If you’re considering an entry door with glass, you might be weighing your options with Low-E glass vs. normal glass. The type of glass you choose can be critical when it comes to factors such as energy efficiency, and depending on where you live, it can be worth it to invest in Low-E glass. Let’s take a look at how Low-E glass is rated and what benefits it can provide vs. normal glass.
What is Low-E glass?
Low-E stands for “Low-Emissivity”, emissivity meaning the amount of radiation emitted or absorbed. When looking at Low-E glass vs. normal glass, the main difference is that Low-E glass has a thin, transparent coating applied to the inside of the interior side of the glass, reflecting the interior temperatures back inside to reduce energy loss through the glass and maintain indoor temperatures.
Therefore, Low-E glass will keep your home’s temperature cooler or warmer, depending on your climate and season. This coating is so thin that it will not affect the amount of natural light the glass lets indoors—but note that it does have a light, blue-green tint compared to clear glass.
As clear, normal glass does not have this specialized coating, temperature exchange from inside to outside occurs, which can make it difficult to regulate your home’s temperature.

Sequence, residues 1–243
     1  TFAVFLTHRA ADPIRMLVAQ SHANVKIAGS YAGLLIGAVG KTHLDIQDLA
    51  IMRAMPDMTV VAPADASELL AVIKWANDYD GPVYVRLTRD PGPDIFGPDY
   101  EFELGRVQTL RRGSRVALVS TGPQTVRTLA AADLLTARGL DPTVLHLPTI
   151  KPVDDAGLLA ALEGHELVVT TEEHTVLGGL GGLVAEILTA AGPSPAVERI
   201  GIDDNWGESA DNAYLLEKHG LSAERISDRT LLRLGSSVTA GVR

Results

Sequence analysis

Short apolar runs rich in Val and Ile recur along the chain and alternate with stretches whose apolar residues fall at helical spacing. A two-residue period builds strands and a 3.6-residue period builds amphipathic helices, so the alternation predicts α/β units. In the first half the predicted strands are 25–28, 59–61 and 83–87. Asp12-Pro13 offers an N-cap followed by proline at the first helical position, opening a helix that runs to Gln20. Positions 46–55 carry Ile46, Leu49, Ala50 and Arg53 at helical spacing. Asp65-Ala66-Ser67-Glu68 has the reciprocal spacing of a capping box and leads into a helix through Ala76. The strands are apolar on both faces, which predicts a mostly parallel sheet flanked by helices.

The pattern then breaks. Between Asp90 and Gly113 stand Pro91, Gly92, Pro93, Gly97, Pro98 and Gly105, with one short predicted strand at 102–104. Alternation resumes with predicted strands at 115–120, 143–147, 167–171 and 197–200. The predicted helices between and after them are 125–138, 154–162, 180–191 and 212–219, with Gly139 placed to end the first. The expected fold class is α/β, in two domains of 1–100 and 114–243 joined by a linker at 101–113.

Benefits of Low-E glass vs. normal glass
The special coating of Low-E glass is designed with energy efficiency in mind, but it provides a variety of additional benefits as well.
An estimated 70% of energy loss is through windows and doors. Low-E glass will reduce this loss and save homeowners money in the long run on heating and cooling bills by helping to maintain internal temperatures.
Insulated with Argon gas
The majority of Low-E glass utilizes Argon gas between the glass panes. This helps to preserve the window’s coating, but it also improves energy efficiency, as Argon gas has a higher density than plain air, which helps to keep internal temperatures from escaping.
Protects the inside of your home
As Low-E glass prevents certain light from entering your home, it can also prevent damage to your household belongings. UV light can cause damage to the inside of your home over time. By using Low-E glass, you can protect your furniture, walls, carpeting, and even photos from fading and light damage.
Condensation that can build up between pieces of front door glass can lead to problems such as foggy glass, mold, or mildew. This happens most notably in winter, when the inside temperature is much higher than the surface temperature of the glass. Low-E glass actually minimizes—and can even eliminate—unwanted condensation, as the protective coating will keep the surface temperature of the glass warmer in the winter.
While there are methods to add insulation to clear glass, Low-E coating is applied to the inside of the glass. Therefore, even though it’s a thin, transparent coating, it can’t be scratched or wiped away.
Low-E Glass Measurement and Ratings
Not all Low-E glass is the same, and it can come in many forms, with different types of ratings and coatings for high, moderate, or low solar heat gain in cold, temperate, or hot climates. Different glass and coatings will provide a different level of performance, and it’s important to understand your options. A few things you should keep in mind: